Someone punching you in the face isn’t a dialog, and it’s not something you should be called upon to prove yourself undeserving of.

Lastly, Laralyn McWilliams addressed her fellow developers in a Gamasutra blog, arguing that the games industry should look upon the hostility toward women it has created the same way it addresses a user experience problem:

These past few months have been challenging, to say the least. Personally, I hear more women in game development talk about leaving our industry every day than I usually see in several years. What has been happening and continues to happen is having a profound chilling effect on the women on our teams. It will be yet another reason women leave this line of work, and yet another reason many talented young women about to graduate will choose to use their skills and energy elsewhere in tech. Your opinion about whether those feelings are justified or correct doesn’t change the fact that the current climate and culture is alienating them. Your point of view on journalism and ethics and even on harassment doesn’t change their experience with the systems of our industry and the culture around it, and the impression left by those experiences.

Even if each of us didn’t make every element in the game they’re playing, each one of us is on the game development team for our culture as a whole. We’re watching the usability session in action — right now, today. Yes, it’s painful and frustrating. Yes, you may want to argue with the player on the other side of the one-way mirror who doesn’t understand your carefully crafted controls. Yes, you may feel shafted because a handful of malicious players are griefing a segment of the player base without your permission, and now you’re on the hook to fix it.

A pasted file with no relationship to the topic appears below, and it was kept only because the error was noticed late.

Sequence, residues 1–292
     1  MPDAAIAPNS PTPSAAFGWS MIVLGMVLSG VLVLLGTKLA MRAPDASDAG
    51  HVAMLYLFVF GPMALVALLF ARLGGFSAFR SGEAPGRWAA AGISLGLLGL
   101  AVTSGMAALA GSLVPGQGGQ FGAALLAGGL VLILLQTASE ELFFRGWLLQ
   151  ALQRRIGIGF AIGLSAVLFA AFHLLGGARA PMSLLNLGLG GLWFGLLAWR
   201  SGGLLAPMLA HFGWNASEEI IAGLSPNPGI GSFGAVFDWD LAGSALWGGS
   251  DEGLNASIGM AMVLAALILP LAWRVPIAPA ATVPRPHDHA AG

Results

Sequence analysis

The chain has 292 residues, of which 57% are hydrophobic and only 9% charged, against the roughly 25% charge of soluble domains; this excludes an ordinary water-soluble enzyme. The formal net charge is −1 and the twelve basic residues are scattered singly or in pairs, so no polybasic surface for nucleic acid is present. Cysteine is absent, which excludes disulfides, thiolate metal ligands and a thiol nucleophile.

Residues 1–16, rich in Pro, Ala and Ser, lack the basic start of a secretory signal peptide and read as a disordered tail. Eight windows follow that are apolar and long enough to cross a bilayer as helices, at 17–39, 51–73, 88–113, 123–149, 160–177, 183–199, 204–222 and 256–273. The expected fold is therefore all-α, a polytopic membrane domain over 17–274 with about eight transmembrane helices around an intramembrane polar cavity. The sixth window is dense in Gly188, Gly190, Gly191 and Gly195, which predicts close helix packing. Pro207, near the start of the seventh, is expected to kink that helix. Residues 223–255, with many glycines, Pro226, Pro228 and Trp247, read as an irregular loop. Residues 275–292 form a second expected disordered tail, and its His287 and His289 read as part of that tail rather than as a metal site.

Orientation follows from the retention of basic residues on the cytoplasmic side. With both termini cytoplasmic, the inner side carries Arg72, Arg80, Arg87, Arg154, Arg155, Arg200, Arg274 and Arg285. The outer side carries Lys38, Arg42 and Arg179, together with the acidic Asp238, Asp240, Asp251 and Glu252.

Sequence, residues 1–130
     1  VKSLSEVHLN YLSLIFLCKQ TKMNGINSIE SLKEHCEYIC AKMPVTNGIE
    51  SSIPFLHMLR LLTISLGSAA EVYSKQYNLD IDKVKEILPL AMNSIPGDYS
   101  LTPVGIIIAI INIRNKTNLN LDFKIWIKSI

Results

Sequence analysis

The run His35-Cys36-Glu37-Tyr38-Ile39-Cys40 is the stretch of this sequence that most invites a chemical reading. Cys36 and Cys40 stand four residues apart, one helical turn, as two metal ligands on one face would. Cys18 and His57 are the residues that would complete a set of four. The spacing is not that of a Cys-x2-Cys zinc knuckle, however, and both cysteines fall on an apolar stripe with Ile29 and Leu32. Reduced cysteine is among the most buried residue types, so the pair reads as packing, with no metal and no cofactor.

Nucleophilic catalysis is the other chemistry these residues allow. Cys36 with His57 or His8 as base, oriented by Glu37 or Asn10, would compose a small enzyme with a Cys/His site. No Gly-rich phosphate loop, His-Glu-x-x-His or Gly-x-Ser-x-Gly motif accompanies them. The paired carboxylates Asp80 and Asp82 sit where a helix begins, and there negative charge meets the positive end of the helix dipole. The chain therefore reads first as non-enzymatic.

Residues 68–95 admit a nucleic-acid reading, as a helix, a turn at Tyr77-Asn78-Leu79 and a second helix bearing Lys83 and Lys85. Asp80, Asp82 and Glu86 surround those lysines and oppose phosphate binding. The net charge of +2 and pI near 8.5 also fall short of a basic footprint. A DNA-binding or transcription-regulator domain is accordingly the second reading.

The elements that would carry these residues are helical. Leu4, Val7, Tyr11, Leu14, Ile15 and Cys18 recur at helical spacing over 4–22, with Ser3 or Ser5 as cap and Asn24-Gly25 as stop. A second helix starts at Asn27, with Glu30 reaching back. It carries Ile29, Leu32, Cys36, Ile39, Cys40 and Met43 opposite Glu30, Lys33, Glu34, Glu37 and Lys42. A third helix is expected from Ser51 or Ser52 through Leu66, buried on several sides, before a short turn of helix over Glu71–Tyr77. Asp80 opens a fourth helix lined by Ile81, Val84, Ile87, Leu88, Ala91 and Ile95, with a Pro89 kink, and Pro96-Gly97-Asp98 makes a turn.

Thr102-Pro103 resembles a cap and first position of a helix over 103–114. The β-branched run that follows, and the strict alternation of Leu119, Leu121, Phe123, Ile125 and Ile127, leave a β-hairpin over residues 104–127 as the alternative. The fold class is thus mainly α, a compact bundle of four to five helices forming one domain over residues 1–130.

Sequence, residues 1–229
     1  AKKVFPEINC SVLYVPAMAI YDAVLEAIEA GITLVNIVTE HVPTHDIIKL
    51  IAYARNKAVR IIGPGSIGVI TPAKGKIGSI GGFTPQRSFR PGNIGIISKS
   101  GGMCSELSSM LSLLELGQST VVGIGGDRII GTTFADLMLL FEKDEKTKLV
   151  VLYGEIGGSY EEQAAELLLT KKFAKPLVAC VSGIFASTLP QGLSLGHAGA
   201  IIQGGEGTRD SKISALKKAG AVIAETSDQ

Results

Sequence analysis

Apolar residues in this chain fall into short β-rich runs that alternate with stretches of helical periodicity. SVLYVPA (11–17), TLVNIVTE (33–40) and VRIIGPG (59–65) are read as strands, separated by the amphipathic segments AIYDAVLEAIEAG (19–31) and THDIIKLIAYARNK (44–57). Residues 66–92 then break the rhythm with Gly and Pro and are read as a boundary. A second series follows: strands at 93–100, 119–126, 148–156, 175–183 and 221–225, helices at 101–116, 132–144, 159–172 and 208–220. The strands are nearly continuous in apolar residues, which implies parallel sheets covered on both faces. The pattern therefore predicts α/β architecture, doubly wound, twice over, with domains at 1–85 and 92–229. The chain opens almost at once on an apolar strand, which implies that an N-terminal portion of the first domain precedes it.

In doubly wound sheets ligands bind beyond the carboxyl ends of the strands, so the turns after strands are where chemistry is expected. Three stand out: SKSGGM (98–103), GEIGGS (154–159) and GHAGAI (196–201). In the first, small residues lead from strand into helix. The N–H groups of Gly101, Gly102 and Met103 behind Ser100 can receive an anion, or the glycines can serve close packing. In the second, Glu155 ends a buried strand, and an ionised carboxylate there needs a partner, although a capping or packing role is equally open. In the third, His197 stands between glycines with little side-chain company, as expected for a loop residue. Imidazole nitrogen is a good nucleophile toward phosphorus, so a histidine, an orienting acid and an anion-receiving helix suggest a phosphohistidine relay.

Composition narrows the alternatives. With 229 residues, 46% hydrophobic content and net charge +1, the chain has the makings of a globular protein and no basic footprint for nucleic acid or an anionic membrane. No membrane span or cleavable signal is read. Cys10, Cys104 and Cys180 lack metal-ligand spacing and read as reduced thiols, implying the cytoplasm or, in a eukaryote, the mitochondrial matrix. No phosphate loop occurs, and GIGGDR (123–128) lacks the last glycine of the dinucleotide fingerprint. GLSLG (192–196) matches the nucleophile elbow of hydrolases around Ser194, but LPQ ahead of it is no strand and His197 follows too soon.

But as experienced developers, we all know the answer is not that “She’s playing it wrong.” The systems of our industry are failing her.

Speed Racer Was a Good Movie

Thank you to everyone for sending in your link recommendations by Twitter mention and email! Please keep it up!

The October Blogs of the Round Table has concluded and you can read its roundup here. And once you’re done with that, pop on over to November’s prompt post, “Home Sweet Home.”

Memory Insufficient has a new Call for Submissions, this time tackling the subject of alternative histories in games. Maybe we’ll see some more about Rachel Weil’s installation in this issue?

That’s it for this week! We’ll see you next time, and until the– hmm, what does the header for this section mean? Oh nothing. Just watch the movie. Here’s my cat dressed as the cat from Sailor Moon. Happy Halloween!

IMG_0161

It’s that time of year again (at least for those of us in the Northern Hemisphere) when the weather is turning cold. Holidays are approaching that focus less on going out and more on cozying up inside. Some of us may travel great distances to go ‘home’ while others may make ‘home’ wherever they are. That has us thinking about the homes you’ve made in game spaces. This month on Blogs of the Round Table, let’s talk about ‘Home Sweet Home.’

There are many games that allow players to carve out and claim a space to call their own. Unlike customizable avatars, these places become part of the fabric of the game environment. We can travel away from them, packed with gear for battle, or we can travel back to them in search of a bed to rejuvenate our bodies, souls, and possibly our magika. They can be urban or rural. They can be ours alone or communal spaces. Much like real homes, they are what we make of them.